A 26-YEAR-OLD woman who was diagnosed with Multiple Sclerosis just months ago has battled against the condition to walk 27 miles and raise £2,000.

Zoe Awburn from Hexham said she first realised something was not right in March when she started losing feeling in her feet.

“I was trying to brush it off and put it down to other things,” she explained. “So with the lack of feeling in my feet I was thinking ‘I have cold feet’ and putting the heater up in my car really high.

“Then I was out running with the dog and I couldn’t really feel my feet.

“I started realising the whole lack of feeling was from the chest down.

“After being pestered by people I made myself an appointment with the physio and I got sent straight to A&E.

“On that first day when I went to the physio and went through to A&E it hit home that something was quite sadly amiss.”

Zoe, who works for Northumbria Healthcare NHS Foundation Trust as a senior emergency preparedness, resilience and support officer, explained that the process happened extremely quickly following the visit, and she was diagnosed with MS in April.

The disease is a neurological condition which affects the nerves in the brain and spinal cord, also known as the central nervous system.

“My mum has MS and her first relapse was in her early 20s,” she said.

“It was quite a shock but it had been in the back of my mind and having gone through it with Mum, I was prepared for it a bit.”

Within a week of her diagnosis Zoe had decided to turn the news into a positive, and signed up to do the Miles for MS challenge with the MS Trust.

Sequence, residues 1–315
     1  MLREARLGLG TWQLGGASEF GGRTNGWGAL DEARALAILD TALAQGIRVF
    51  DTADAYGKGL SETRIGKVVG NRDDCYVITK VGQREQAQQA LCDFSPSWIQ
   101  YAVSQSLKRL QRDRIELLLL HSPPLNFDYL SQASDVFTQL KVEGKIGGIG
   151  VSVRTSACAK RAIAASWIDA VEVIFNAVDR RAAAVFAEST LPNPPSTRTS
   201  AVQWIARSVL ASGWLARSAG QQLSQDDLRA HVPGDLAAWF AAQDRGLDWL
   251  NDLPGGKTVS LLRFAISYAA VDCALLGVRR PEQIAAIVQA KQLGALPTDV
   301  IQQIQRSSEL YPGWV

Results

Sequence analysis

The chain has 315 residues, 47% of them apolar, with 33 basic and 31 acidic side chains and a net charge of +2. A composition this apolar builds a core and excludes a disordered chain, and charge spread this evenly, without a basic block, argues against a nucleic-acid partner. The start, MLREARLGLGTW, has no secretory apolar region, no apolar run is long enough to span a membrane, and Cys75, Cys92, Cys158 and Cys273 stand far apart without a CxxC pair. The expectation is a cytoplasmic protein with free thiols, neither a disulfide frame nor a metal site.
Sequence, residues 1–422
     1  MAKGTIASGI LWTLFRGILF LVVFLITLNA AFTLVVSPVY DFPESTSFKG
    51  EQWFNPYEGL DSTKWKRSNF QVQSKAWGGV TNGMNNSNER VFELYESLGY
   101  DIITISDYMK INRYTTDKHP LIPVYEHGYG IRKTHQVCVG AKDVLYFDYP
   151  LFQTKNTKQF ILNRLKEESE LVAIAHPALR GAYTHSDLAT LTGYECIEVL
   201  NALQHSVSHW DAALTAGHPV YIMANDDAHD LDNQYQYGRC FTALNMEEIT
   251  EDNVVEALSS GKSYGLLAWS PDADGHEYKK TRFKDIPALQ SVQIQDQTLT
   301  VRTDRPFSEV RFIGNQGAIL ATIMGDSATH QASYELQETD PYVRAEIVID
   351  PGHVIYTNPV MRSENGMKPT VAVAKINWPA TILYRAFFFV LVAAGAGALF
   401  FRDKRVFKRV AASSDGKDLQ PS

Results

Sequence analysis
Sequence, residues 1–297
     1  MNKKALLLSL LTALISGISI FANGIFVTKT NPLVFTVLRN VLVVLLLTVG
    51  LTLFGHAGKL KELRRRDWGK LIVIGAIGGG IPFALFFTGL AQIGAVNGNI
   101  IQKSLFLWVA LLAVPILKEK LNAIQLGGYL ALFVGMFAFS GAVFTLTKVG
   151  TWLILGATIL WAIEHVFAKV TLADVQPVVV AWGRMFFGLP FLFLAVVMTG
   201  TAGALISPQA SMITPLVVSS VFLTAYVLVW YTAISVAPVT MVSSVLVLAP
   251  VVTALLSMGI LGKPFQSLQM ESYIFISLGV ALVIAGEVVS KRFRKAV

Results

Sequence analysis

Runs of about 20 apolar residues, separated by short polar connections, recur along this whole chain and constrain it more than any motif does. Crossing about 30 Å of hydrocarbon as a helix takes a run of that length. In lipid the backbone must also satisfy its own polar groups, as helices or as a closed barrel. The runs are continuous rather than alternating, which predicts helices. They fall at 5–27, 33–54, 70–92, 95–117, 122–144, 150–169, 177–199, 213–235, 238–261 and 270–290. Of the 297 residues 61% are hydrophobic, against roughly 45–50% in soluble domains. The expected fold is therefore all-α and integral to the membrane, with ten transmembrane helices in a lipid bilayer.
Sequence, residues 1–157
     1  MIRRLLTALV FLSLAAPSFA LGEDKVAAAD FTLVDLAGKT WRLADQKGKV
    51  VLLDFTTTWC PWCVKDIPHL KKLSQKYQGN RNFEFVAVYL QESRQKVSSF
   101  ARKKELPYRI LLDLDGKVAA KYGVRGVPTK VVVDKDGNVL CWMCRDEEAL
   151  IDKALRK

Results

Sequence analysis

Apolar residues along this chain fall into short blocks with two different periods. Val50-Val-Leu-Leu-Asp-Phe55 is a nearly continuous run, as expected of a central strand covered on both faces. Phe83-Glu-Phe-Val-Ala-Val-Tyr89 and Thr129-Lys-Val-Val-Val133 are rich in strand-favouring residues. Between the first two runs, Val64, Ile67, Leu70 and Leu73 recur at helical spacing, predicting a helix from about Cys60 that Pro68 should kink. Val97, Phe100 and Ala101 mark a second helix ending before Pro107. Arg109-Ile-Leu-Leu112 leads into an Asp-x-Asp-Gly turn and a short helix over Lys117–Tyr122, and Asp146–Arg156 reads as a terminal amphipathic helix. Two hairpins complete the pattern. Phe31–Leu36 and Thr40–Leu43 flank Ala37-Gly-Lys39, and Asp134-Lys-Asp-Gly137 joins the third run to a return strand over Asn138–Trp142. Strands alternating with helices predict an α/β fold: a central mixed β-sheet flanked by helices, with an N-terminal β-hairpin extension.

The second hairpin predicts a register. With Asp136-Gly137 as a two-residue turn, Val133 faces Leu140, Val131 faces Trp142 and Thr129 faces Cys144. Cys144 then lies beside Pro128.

After setting herself the challenge to walk 26 miles throughout May, by the end of last month she had reached 27 miles, despite describing some days as finding it difficult to walk 300 yards.

She said: “Some days I was really struggling so it was good that it was up to me when I did them.

“I chose a mile for every year I have been alive and I did an extra one for luck.”

Zoe has already had her first round of steroid treatment, and at the end of the month she will begin Ocrelizumab treatment. As she has been diagnosed with relapsing remitting MS, the treatment is aimed at preventing the chance of a relapse by 70 to 80 per cent.

After publicising her efforts on social media, and with the help of local businesses which made their customers aware, Zoe has now raised more than £2,000 for the charity, and said in the future hopes to do more fund-raising.

“I feel so fortunate that I have been able to get the treatment with the NHS and I want to give something back.”